BIRMINGHAM, Ala. – The University of Alabama at Birmingham (UAB) College of Arts and Sciences will continue its year-long commemoration of the 50th anniversary of the U.S Civil Rights Movement with a month of free events and shows in September 2013. All events are free and open to the public.
Thursday, Sept. 5
Tim Pennycuff presents “Order in the Midst of Chaos: The Integration of the Medical Center at Birmingham,” 6-7:30 p.m. in UAB’s Mary Culp Hulsey Recital Hall, 950 13th St. South. Pennycuff, UAB’s university archivist, took the title of this talk from a letter written by the hospital administrator in 1963, who stated that the community needed “order in the midst of near chaos.” Many of those injured in the bombing of the Sixteenth Street Baptist Church were treated at University Hospital, and the four children killed on that September 1963 day were brought to the hospital for autopsy. Pennycuff will talk about the integration of the Medical Center during the years 1962-65. The largely peaceful changes that occurred in the Medical Center were a visible and marked contrast with those elsewhere in the city. He will highlight the work of faculty to end segregation policies in Birmingham and the state. Free and open to the public. Visit the UAB College of Arts and Sciences online at www.uab.edu/civilrights.
Tuesday, Sept. 10
Media Studies presents “Birmingham Movement: A Screening of Student Films,” 7-8:30 p.m.in UAB’s Alys Stephens Performing Arts Center, 1200 10th Ave. South. In spring 2013, UAB Media Studies students went into the Birmingham community to meet Civil Rights Movement leaders and foot soldiers. In a series of documentary films, they share their personal, intimate accounts of some of the most dramatic events of the 1950s and 1960s.The films to be screened: “Columns of Justice: Civil Rights Activism at Miles College” by Lacey Kennedy and Emmett Christolear; “Seeds of Hope” by Kaylyn Alexander, Xuxa Baptiste and Michael Locke; “The Klan Was the Law” by Clarence Lockett and Daniel Twieg; “Out of their Seats, Into the Streets” by Scott Hodnett and Amanda Khorramabadi; “Birmingham’s Boycott” by Nathan Ennis and Zoe Zaslawsky; “Transmission Freedom” by Bryan Bailey and Amber Taylor; and “Schism ‘63” by Nicholas Price. Free and open to the public. Visit the UAB College of Arts and Sciences online at www.uab.edu/civilrights.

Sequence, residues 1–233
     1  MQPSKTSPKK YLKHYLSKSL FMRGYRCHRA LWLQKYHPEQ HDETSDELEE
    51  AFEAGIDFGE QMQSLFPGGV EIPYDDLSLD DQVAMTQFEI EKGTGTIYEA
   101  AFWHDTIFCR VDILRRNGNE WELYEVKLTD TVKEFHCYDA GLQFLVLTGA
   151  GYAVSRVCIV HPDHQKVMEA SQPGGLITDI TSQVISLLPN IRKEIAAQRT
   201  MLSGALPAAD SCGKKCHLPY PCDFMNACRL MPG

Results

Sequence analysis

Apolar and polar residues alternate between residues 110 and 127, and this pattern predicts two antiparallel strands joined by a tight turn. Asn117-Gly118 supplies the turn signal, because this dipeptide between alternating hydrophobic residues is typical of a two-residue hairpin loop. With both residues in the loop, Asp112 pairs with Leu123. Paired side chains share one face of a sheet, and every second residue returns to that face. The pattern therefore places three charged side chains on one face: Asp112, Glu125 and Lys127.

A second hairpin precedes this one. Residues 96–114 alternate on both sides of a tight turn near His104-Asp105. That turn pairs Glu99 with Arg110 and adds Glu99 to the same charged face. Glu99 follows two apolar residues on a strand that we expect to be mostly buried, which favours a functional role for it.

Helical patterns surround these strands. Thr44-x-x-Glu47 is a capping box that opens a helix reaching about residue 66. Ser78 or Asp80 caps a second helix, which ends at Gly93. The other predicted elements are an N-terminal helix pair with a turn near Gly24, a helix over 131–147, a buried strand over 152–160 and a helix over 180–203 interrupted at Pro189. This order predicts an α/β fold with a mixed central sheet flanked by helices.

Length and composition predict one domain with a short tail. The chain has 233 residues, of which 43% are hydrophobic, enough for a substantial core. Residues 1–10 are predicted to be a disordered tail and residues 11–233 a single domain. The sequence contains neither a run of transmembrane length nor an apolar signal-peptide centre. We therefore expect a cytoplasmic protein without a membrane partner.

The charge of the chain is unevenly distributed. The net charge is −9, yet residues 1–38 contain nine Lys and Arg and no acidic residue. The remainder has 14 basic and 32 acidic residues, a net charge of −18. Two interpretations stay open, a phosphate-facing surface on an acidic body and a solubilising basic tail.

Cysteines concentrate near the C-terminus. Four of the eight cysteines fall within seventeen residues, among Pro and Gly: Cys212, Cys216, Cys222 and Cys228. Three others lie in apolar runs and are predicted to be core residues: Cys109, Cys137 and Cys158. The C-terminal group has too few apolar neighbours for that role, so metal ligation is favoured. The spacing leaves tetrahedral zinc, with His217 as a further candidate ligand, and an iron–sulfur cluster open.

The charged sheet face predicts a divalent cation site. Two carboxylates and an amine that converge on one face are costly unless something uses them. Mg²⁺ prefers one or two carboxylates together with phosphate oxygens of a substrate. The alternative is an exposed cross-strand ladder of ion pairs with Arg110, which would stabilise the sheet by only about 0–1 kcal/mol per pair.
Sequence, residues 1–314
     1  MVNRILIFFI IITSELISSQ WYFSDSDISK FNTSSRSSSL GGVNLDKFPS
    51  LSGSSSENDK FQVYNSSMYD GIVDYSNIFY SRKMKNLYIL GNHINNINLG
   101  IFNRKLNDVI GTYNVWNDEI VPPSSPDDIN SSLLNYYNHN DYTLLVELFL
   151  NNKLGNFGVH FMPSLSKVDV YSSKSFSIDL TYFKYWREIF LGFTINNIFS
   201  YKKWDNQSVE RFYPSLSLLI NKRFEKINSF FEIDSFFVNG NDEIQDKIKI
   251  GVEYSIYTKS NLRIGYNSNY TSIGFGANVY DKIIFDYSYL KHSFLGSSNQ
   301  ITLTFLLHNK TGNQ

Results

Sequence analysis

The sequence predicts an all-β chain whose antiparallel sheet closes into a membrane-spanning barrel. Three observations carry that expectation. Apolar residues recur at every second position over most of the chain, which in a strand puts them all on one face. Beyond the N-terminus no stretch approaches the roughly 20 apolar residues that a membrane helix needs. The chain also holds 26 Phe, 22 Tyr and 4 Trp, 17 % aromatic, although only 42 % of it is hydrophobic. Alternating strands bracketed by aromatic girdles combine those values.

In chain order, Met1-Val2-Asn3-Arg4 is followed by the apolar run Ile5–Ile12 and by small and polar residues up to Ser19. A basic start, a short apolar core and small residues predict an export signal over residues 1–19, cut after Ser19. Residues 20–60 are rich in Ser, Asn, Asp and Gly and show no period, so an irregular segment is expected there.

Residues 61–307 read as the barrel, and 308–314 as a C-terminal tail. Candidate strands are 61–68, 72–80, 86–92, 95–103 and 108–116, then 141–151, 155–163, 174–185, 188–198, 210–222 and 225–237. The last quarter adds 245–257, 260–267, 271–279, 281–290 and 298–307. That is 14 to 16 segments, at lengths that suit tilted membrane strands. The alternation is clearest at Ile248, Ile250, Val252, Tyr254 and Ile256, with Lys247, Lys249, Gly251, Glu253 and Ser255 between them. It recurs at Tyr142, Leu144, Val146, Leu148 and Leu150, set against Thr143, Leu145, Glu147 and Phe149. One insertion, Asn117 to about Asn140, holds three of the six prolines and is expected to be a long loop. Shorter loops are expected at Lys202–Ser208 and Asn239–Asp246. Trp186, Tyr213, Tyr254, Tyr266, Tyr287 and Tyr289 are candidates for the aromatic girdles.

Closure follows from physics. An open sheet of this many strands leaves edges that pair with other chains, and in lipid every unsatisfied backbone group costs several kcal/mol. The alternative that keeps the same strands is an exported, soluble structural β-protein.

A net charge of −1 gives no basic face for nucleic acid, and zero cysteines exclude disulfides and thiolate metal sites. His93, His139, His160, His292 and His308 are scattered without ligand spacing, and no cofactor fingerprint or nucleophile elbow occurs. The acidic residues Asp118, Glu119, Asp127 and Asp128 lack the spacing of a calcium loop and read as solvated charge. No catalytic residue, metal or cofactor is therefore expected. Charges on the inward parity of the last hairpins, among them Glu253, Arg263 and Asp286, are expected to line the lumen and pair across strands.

Tuesday, Sept. 17
Keith D. Miller, Ph.D., “Rethinking the Civil Rights Movement: Why the National Memory is Wrong,” 7 p.m. in UAB’s Mary Culp Hulsey Recital Hall, 950 13th St. South. The UAB Department of English presents this lecture by Miller, associate professor of English at Arizona State University and the author of “Voice of Deliverance: The Language of Martin Luther King, Jr., and Its Sources” and “Martin Luther King’s Biblical Epic: His Final, Great Speech.” Free and open to the public. Visit the UAB College of Arts and Sciences online at www.uab.edu/civilrights.
Friday, Sept. 27-Thursday, Oct. 31
Bob Adelman: an exhibition of his Civil Rights photographs, in the UAB Visual Arts Gallery, 900 13th St. South. Presented by the UAB Department of Art and Art History, the exhibition will include a free opening reception with Adelman 5-9 p.m. Sept. 27 in the gallery. Adelman volunteered as a photographer for the Congress of Racial Equality in the early 1960s, a position that granted him access to many of the Civil Rights Movement’s key leaders, including Malcolm X, the Rev. Martin Luther King Jr. and James Baldwin. The images from his show at UAB will focus on the “Children’s Crusade,” when on May 2, 1963, more than 1,000 African-American students skipped their classes and gathered at Sixteenth Street Baptist Church to march to downtown Birmingham. Students gathered again the next day, and Birmingham Police Commissioner Bull Conner directed police and fire departments to use force to stop the protests. Images of children and teens being blasted by fire hoses and attacked by police officers and their dogs appeared on television and in newspapers and triggered outrage around the nation and world. The catalogue for the show will present Adelman’s photographs along with essays by Representative John Lewis (D-Ga.), scholar and writer Charles Johnson, Holy Family Cristo Rey Catholic High School Principal Sidney L. Moore and others. Free and open to the public. Visit the UAB College of Arts and Sciences online at www.uab.edu/civilrights.
Saturday, Sept. 28
“The Blues” and Bill Sims, Jr., 6:30 and 8 p.m. in UAB’s Alys Stephens Performing Arts Center, 1200 10th Ave. South. The UAB Department of Music will present a free screening of Martin Scorsese’s 2003 blues documentary film at 6:30 p.m. in the ASC Reynolds-Kirschbaum Recital Hall, followed by a musical performance by American blues musician Sims, with Mark Lavoie on blues harmonica, at 8 p.m. in the ASC Sirote Theatre. Sims, a guitarist and vocalist, plays a wide range of the blues, both electric and acoustic. A cultural ambassador for the blues, Sims played on the soundtrack of the film “American Gangster” starring Denzel Washington, and was a consultant on the set of “Cadillac Records,” a fictionalized film about Leonard Chess and Chicago’s famed Chess Label. Sims advised how to play in the old Mississippi style of Muddy Waters, and played guitar in some scenes. Both the film and performance are free and open to the public. Visit the UAB College of Arts and Sciences online at www.uab.edu/civilrights.